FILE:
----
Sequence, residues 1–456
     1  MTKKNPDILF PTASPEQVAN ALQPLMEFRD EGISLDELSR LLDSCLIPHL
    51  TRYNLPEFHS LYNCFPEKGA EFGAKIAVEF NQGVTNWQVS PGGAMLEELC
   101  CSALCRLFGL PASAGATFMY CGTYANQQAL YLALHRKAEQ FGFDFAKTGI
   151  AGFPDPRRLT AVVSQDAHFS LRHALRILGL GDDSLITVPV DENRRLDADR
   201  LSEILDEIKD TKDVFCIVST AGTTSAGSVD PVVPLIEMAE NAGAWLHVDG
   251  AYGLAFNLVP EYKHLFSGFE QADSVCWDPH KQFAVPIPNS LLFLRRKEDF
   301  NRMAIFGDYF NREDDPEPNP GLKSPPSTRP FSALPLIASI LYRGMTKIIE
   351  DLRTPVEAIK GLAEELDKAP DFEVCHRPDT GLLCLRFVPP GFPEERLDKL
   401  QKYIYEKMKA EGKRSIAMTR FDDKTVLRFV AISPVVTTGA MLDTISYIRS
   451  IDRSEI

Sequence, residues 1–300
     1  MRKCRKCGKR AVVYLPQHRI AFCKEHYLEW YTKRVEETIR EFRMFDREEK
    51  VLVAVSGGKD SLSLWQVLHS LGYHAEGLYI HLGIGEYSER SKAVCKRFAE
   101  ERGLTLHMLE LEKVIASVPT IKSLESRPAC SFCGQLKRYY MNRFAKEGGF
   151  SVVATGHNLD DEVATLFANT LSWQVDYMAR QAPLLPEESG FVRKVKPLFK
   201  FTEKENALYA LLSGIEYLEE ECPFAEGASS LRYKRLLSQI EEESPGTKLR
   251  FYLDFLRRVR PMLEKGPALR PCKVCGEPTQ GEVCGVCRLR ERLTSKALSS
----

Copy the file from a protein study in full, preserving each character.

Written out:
Sequence, residues 1–456
     1  MTKKNPDILF PTASPEQVAN ALQPLMEFRD EGISLDELSR LLDSCLIPHL
    51  TRYNLPEFHS LYNCFPEKGA EFGAKIAVEF NQGVTNWQVS PGGAMLEELC
   101  CSALCRLFGL PASAGATFMY CGTYANQQAL YLALHRKAEQ FGFDFAKTGI
   151  AGFPDPRRLT AVVSQDAHFS LRHALRILGL GDDSLITVPV DENRRLDADR
   201  LSEILDEIKD TKDVFCIVST AGTTSAGSVD PVVPLIEMAE NAGAWLHVDG
   251  AYGLAFNLVP EYKHLFSGFE QADSVCWDPH KQFAVPIPNS LLFLRRKEDF
   301  NRMAIFGDYF NREDDPEPNP GLKSPPSTRP FSALPLIASI LYRGMTKIIE
   351  DLRTPVEAIK GLAEELDKAP DFEVCHRPDT GLLCLRFVPP GFPEERLDKL
   401  QKYIYEKMKA EGKRSIAMTR FDDKTVLRFV AISPVVTTGA MLDTISYIRS
   451  IDRSEI

Sequence, residues 1–300
     1  MRKCRKCGKR AVVYLPQHRI AFCKEHYLEW YTKRVEETIR EFRMFDREEK
    51  VLVAVSGGKD SLSLWQVLHS LGYHAEGLYI HLGIGEYSER SKAVCKRFAE
   101  ERGLTLHMLE LEKVIASVPT IKSLESRPAC SFCGQLKRYY MNRFAKEGGF
   151  SVVATGHNLD DEVATLFANT LSWQVDYMAR QAPLLPEESG FVRKVKPLFK
   201  FTEKENALYA LLSGIEYLEE ECPFAEGASS LRYKRLLSQI EEESPGTKLR
   251  FYLDFLRRVR PMLEKGPALR PCKVCGEPTQ GEVCGVCRLR ERLTSKALSS